OperaTheEndLast Friday the revised manuscript of Opera was sent to Claret Press, so please allow me a merry little dance (or a maniacal jig, more like) of pleasure and relief. I’d worked hard on it while in Spain, completing a whole rewrite, including a restructuring – I thought it was too flabby – and this won’t be the end of the story, there will be more edits still to do. I may have missed infelicities caused by the structural changes as well as potential for improvement (there is always potential for improvement, groan). The final proof reading edit is still a long way off yet, but the manuscript has gone. Yippee!

I have also been given a date for publication, the beginning of September next year. I’d hoped that itOpera_Cover_HiRes might be out in Spring, but the delay is unavoidable, to give Claret’s new distributors time to get it into book shops. I’m already discussing back cover blurb and tag-lines (we have arrived at the former but not the latter) and the cover design is almost done. The New Year will see us formulating a promotion and marketing strategy for events in the run up to and following launch.

Maybe next year, with the third Cassandra Fortune book, I’ll finally get to have a real life, physical book launch? Also, Omicron COVID strain permitting, I might get to do physical book tours (I’ve already got some events lined up). It’s strange to think that with this, my third traditionally published novel, I might get to experience what is normal for a new book.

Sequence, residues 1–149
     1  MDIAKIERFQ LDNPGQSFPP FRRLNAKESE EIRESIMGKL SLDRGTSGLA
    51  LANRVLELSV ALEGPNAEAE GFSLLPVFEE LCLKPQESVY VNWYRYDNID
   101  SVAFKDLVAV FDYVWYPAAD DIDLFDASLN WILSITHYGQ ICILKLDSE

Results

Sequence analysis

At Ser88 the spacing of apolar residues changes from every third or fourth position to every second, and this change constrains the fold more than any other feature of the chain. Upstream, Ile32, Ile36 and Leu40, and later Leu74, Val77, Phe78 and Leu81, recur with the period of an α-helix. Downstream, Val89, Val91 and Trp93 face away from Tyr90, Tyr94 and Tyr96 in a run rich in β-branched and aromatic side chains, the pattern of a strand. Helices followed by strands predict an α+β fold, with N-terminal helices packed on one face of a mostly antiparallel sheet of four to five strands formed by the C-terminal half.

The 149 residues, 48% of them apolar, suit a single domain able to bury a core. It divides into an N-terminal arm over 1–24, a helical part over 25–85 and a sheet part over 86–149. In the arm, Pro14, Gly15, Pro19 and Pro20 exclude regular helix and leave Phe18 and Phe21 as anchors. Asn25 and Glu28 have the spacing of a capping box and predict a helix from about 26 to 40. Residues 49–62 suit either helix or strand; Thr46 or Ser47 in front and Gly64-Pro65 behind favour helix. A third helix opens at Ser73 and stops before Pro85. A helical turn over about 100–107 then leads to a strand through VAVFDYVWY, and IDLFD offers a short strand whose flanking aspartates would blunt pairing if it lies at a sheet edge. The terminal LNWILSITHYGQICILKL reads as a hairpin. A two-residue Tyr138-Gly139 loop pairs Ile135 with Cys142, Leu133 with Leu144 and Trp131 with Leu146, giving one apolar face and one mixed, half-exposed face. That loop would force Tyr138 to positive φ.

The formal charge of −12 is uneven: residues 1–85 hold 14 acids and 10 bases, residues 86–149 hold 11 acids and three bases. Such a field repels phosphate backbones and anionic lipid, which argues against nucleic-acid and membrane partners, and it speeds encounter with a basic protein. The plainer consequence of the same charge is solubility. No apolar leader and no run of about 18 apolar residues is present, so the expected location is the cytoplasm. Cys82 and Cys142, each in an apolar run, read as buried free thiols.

dfw-ja-r-cover-midOn that note, a quick look back at Plague (published September 2020) and Oracle (published May 2021), was prompted by my receiving my Public Lending Rights statement recently. Despite libraries being closed for much of the year ended June 2021, Plague has been borrowed many times (Oracle wouldn’t have made it into libraries by then) but I was surprised to see that Reconquista, my earlier novel set in 13th century Al Andalus was second most frequently borrowed. That book and its sequel, The Silver Rings, are also selling again. When I began working with Claret Press I was told that there’s nothing that sells one’s first book like the publication of one’s fourth (or fifth, or sixth) and these sales, though small, seem to bear that out, even though they aren’t crime fiction.

But the real up-side of getting the manuscript off is that I am, for a short time at least, at leisure to read.